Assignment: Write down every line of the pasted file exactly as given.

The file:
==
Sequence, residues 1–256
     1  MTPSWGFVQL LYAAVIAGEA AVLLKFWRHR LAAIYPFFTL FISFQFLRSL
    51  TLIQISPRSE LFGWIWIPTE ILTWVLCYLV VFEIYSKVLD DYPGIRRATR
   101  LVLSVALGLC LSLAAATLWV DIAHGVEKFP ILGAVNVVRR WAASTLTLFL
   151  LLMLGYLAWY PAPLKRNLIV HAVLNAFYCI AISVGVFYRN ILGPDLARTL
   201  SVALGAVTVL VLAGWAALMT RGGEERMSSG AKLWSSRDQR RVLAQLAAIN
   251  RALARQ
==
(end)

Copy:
Sequence, residues 1–256
     1  MTPSWGFVQL LYAAVIAGEA AVLLKFWRHR LAAIYPFFTL FISFQFLRSL
    51  TLIQISPRSE LFGWIWIPTE ILTWVLCYLV VFEIYSKVLD DYPGIRRATR
   101  LVLSVALGLC LSLAAATLWV DIAHGVEKFP ILGAVNVVRR WAASTLTLFL
   151  LLMLGYLAWY PAPLKRNLIV HAVLNAFYCI AISVGVFYRN ILGPDLARTL
   201  SVALGAVTVL VLAGWAALMT RGGEERMSSG AKLWSSRDQR RVLAQLAAIN
   251  RALARQ